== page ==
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Mass. won’t say whether the state has seen suspected coronavirus cases

But New Hampshire and Connecticut revealed their cases, as states grapple with how best to respond to an emerging illness.

The federal government is monitoring more than 100 people for the novel coronavirus that has thrown China into crisis.

These are patients from 26 states who suffered respiratory symptoms after traveling to China and whose state health departments sent samples for testing to the US Centers for Disease Control and Prevention.

Was Massachusetts one of those states? State officials won’t say.

In New Hampshire, they will. In a press release Monday, the state’s Department of Health and Human Services revealed that two residents were being tested for the virus, and a spokesman named the hospitals where the patients are being kept in isolation.


Connecticut is also choosing transparency. Governor Ned Lamont posted a detailed message about two people who were tested for coronavirus, specifying that one was Wesleyan University student and naming the counties where they live. Both turned out to have the flu.

But when asked about a credible report of a suspected coronavirus case in Massachusetts, the state’s Department of Public Health said it will release information only about confirmed cases. And there have been no confirmed cases in the state. (Five have been confirmed nationwide.) Rhode Island’s Health Department said it has similar rules in place.

There is widespread inconsistency in states’ responses to the coronavirus, but most are at least revealing how many cases are under investigation, said Michael Fraser, chief executive officer of the Association of State and Territorial Health Officials

“What you’re seeing is the fact that we’re still so early on with dealing with this outbreak,” he said. “We’re trying to get states on the same page.”

Still, he expressed surprise at Massachusetts’ decision to report only confirmed cases. “I don’t know why they would do that,” he said. “Most states are reporting those numbers.”

Massachusetts health officials gave several reasons for their policy on Tuesday. With emerging illnesses, the number and status of people under investigation change frequently. Someone who is appropriate for testing can later be ruled out, and even the criteria for testing can change frequently.


In Rhode Island, Health Department spokesman Joseph Wendelken said the state is providing information on confirmed cases only “to cut down on confusion and to avoid releasing multiple sets of numbers.”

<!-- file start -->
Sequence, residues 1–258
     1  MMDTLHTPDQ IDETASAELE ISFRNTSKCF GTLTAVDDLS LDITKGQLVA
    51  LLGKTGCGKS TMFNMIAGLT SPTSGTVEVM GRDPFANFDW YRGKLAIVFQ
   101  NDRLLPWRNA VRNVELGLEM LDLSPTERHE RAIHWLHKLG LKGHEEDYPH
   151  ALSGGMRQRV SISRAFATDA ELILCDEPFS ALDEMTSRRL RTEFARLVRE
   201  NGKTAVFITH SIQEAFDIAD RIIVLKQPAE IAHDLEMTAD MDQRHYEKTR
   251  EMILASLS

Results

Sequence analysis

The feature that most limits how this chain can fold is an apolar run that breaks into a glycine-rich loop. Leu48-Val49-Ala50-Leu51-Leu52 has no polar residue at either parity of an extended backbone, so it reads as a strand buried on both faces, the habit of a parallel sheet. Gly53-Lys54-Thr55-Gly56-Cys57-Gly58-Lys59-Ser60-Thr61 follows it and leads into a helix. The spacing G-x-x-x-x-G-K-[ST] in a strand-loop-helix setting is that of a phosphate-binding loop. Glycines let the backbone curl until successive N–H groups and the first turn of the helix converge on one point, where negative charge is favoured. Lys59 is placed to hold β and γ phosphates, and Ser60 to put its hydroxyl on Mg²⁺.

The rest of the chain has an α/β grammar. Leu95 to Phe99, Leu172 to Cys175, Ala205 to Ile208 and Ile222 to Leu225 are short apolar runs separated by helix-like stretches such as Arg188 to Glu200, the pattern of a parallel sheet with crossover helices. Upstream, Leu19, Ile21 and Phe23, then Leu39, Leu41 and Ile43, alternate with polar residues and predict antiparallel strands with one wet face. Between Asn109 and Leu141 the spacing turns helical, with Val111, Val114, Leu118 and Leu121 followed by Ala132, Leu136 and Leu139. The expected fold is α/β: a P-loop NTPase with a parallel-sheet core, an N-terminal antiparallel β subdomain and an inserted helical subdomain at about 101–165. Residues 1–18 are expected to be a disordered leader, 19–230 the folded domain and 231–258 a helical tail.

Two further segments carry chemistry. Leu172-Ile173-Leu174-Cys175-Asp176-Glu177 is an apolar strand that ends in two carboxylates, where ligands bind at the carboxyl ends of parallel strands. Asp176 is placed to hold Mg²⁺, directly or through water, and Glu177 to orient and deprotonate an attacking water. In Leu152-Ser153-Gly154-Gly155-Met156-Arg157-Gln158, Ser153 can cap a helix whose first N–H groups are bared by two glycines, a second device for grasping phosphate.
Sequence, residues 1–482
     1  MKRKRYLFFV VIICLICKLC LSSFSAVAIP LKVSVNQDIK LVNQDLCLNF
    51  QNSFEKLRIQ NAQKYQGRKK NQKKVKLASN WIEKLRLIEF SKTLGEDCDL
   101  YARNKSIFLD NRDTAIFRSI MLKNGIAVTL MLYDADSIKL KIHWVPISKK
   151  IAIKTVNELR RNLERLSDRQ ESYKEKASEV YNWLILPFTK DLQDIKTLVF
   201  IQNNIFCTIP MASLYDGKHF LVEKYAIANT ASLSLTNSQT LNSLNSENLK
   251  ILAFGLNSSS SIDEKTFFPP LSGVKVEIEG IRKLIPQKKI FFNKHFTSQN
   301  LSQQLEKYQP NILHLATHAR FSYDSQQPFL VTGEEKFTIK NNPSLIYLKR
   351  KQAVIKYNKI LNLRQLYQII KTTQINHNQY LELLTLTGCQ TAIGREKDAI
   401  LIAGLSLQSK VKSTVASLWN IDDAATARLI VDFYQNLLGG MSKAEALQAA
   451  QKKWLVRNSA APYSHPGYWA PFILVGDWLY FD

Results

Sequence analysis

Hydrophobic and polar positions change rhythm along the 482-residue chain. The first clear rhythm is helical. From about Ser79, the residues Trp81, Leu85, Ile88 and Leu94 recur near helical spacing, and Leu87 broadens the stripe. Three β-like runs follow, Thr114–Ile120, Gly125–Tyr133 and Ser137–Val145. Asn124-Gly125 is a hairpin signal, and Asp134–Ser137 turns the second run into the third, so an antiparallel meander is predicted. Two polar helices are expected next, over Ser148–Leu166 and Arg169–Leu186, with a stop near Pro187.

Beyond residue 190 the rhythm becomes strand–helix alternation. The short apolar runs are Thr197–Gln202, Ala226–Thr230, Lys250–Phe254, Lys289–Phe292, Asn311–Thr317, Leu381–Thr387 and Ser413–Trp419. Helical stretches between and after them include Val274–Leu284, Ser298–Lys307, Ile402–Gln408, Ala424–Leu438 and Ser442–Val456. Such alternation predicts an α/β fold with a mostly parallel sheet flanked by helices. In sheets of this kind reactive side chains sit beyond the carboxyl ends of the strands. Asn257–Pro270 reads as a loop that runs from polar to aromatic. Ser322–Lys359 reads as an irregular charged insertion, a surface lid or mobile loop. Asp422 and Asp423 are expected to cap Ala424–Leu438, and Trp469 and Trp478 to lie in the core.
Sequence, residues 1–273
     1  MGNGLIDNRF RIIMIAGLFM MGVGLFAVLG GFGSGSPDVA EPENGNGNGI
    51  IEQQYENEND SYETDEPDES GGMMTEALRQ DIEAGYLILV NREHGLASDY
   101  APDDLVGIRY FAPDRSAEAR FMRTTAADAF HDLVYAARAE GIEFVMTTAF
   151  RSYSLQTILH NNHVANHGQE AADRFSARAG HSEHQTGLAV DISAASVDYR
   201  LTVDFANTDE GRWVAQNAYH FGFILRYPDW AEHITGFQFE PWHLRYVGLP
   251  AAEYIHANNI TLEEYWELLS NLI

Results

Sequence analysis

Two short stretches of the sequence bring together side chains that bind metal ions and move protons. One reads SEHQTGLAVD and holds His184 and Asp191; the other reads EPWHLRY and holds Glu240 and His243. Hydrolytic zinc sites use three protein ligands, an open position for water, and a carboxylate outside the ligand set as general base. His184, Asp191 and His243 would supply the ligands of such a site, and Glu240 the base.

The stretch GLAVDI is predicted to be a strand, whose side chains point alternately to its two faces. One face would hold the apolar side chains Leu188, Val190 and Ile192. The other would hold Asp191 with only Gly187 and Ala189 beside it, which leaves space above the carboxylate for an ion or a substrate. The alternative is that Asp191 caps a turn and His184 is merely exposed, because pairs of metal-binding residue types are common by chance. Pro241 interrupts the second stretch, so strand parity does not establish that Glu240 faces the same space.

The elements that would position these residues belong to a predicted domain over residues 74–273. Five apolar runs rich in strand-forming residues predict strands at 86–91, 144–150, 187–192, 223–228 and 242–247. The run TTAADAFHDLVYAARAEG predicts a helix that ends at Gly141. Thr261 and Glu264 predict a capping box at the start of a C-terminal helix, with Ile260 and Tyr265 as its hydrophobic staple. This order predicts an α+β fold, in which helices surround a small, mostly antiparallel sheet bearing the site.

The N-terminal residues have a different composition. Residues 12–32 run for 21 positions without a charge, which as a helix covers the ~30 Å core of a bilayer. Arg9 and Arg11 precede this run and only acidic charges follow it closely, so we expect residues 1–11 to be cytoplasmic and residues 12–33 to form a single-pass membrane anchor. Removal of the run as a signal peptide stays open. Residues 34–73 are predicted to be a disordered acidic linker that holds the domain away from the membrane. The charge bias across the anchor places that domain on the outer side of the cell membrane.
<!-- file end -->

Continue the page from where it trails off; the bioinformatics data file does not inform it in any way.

The issue of how much to tell the public about coronavirus investigations came up during a phone call that the association held among state health officials on Sunday, Fraser said.

Some said there were many suspected cases, and most if not all will turn out to be the flu; health officials don’t want to stir needless anxiety, he said.

Other officials question the public benefit in revealing where the suspected cases are.

And, Fraser noted that releasing too much information can have unintended consequences. For example, people might avoid a hospital that treated a patient, even if all the infection-control protocols are followed. Indeed, the hospital where one of the New Hampshire patients is staying felt it necessary to post on Facebook that there is no risk to patients or visitors.

That patient is a student at The White Mountain School in Bethlehem, who returned from a trip to China on Jan. 6 and came to Littleton Regional Healthcare with mild flu-like symptoms on Jan. 23. The school, a boarding school, also sent a letter to parents detailing the measures it took to protect other students and staff.


But Fraser acknowledged that too much secrecy creates its own anxieties, and said that association would suggest that states release the number of cases under investigation, as the CDC is doing.

The states that have released information varied in how much they gave out. Some merely said cases were under investigation; others named the county where the person lived.

“I think people understand the need for some consistency,” Fraser said.

There are other responses state health officials will try to standardize, such as which contacts of a sick person need to be tested — everyone in restaurant where they ate, or just the people at their table? If there’s a confirmed case at a university, do you close the whole place or just a single dorm?

Some of those questions will be answered when more is known about how easily the coronavirus is transmitted, and whether people can spread the virus before they have symptoms, he said.

And answers will also come faster in three or four weeks when the states receive kits from the CDC that will enable them to do their own testing for the virus, Fraser said.

Emily Sweeney of the Globe staff contributed to this report.

Felice J. Freyer can be reached at felice.freyer@globe.com. Follow her @felicejfreyer.